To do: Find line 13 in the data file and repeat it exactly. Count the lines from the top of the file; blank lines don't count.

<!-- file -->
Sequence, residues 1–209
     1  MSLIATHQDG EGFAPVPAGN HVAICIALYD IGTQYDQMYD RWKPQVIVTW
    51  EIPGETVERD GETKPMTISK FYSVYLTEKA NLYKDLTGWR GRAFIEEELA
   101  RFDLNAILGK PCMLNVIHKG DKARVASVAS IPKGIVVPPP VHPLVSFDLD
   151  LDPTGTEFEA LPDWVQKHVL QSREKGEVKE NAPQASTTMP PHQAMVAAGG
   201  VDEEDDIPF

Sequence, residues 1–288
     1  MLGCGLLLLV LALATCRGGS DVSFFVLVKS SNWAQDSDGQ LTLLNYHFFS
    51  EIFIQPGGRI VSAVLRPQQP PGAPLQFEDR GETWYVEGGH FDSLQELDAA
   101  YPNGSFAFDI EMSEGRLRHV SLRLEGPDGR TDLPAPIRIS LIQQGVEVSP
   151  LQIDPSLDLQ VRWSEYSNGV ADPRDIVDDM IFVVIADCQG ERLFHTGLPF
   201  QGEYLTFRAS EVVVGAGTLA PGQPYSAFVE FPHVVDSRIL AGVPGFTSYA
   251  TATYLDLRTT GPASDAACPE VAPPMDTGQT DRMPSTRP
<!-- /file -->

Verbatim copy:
   251  TATYLDLRTT GPASDAACPE VAPPMDTGQT DRMPSTRP